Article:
My favorite would probably be the Instagram-a-day project. You take one photo every day for a month, but each day has a theme. In the book there’s a list of 30 (so you don’t even have an excuse not to do this!), or you can just get a friend to jot down 30 random things. For example: Day 1 = white; Day 2 = symmetrical; Day 3 = pattern; and so on. It seems so simple, well, because it is. What I love about this is that it instantly adds a bit of creativity to your everyday life. It also makes you so much more present. On your usual walk to work you’re suddenly keeping an eye out for “pattern.” Once those 30 days are over, I’ll bet you $10 that you’ll want to keep going!

There’s sometimes a perception that art and creativity are all about being whimsical, but many of the tips in your book involve things like constraints and rules and habits. How does that work?

Being whimsical, loose and free is wonderful, but if you don’t have some kind of plan, you can end up feeling like a whimsical deer in headlights. So many professional artists give themselves a set of rules, and then they let loose within that box. It’s like getting an assignment at school — these rules just give you a starting place. Otherwise, you may find yourself staring wide-eyed at a very blank page.

You’ve pulled great advice from lots of working artists for your books. What’s the best piece of creative advice you’ve ever gotten from someone who wouldn’t call him or herself an artist?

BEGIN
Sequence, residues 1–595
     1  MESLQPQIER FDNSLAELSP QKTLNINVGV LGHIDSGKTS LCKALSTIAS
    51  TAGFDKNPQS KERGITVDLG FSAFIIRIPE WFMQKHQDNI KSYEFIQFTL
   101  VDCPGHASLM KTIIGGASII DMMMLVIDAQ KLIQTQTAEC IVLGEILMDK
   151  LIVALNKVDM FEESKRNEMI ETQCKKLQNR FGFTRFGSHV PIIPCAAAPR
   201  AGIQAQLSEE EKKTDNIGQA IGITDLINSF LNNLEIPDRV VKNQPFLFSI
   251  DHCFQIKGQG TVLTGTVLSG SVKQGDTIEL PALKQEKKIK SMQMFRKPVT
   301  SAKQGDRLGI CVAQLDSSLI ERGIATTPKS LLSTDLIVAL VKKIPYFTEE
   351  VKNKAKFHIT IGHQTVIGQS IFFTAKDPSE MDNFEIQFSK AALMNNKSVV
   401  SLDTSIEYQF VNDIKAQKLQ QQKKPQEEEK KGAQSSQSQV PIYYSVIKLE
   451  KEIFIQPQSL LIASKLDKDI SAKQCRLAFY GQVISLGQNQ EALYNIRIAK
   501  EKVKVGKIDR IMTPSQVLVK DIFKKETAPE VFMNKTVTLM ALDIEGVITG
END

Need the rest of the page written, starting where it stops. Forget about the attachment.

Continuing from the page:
I’ve spoken to so many professional artists who’ve given me all sorts of advice, but I’ve also spent countless hours talking to people who’ve come out to my signings and other events. One of my favorite nuggets of wisdom came from a 17-year-old high school student who told me he calls his inner critic Arlo. I loved that! Suddenly that nasty “inner critic” was just a guy named Arlo that I could kick out of my studio if he was being rude. Since that day, I always tell other people to give that mean voice a name — something nonthreatening like Gordon, Elaine, Mr. Bunnykins, whatever works! It’s a really great way to make that little voice even littler.


Image courtesy Your Inner Critic Is a Big Jerk by Danielle Krysa, illustrated by Martha Rich and published by Chronicle Books in 2016

How do you silence your inner critic? Tell us in the comments. 





  • IsabellaDiSclafani

    Isabella Di Sclafani from IsabellaDiSclafani said 4 years ago

    I'm too busy making art and thinking about my next projects to spend any time listening to an "inner-critic" or any other critic for that matter.

  • GTDesigns

    renee and gerardo from GTDesigns said 4 years ago

    A need and love for curating JJ kits certainly outmaneuvers my inner critic. The thrill that some bookmaking artist will re-love what I've found is all-consuming most of the time. Thinking about the next item that goes into my kits is an exciting feeling and leaves very little room for negativity, even though I am a firm believer that tough 'inner criticism' has its place and can be just as useful in terms of balance. What a great philosophy this featured artist has on the creative process... and yes, sometimes, getting back to a bit of rules and plan makes all the difference in denouement. Great post! Congrats on the feature!

  • wjw1912

    Whitney W. said 4 years ago